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Spring 2014 Election

Parkview asks for building, operating expenses

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Gina Duwe
March 26, 2014

ORFORDVILLE—Parkview School District voters will decide April 1 whether now is the time to renovate and build additions to create an updated junior/high school through a $17 million referendum.

The high school was built in 1964, and the junior high was added on in 1970. Since 1999, voters have turned down four of the last five referendums to build a new high school or do facility maintenance.

Residents have questioned why the district doesn't build a new school behind the current campus, but Superintendent Steve Lutzke said cost was one reason the planning committee picked the proposed plan.

A new school would cost at least $27 million, and that wouldn't include updates at the elementary school, he said at a recent public information meeting.

“The committee quickly realized this is an investment we're asking you to make. We understand what it's going to do to your taxes,” he said. “We did try to be as frugal as we could without saying, 'Let's just keep putting a Band-Aid on the district and keep nickel and diming it.'”

The referendum asks for $17 million over 20 years to swap the Orfordville schools. The plan is to renovate and expand the current elementary school to create essentially a new junior/high school and to renovate the current junior/high school and turn it into an elementary school.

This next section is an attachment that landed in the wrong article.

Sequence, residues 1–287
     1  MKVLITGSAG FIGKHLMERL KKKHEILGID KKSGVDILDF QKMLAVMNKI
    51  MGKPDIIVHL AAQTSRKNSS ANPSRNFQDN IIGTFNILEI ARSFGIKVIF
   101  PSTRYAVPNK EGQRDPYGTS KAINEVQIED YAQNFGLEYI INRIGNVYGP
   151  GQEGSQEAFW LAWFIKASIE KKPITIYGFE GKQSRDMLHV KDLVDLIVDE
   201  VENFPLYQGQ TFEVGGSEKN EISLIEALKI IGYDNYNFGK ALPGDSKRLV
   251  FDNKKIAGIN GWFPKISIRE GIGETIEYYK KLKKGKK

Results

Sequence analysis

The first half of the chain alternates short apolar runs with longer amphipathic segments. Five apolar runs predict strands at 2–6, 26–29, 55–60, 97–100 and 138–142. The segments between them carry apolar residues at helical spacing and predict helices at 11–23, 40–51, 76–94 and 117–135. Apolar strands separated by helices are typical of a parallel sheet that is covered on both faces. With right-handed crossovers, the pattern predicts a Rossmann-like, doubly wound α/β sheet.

The primary school in Footville would close.

The new high school would include new science labs, agriculture education and technology education labs, new band and choir rooms, new library and a three-station gym.

In a second referendum question, the district is asking permission to spend $350,000 in each of the next three years for technology and curriculum materials, classroom materials, professional development training and special education.

The district anticipates a $2.2 million deficit over the next three years, Lutzke said.

Parkview last went to referendum for operating expenses in 2010, when a request for $2.4 million over four years failed.

If both referendums are approved, the tax impact on a $100,000 property would be an additional $360 for each of the first three years and $270 annually in years four through 20.

Taxes on farmland would increase between 60 cents and $1 per acre, the district estimates. Farmland with barns, silos or homes could be more than $1 per acre because of the way improvements are taxed, the district said.



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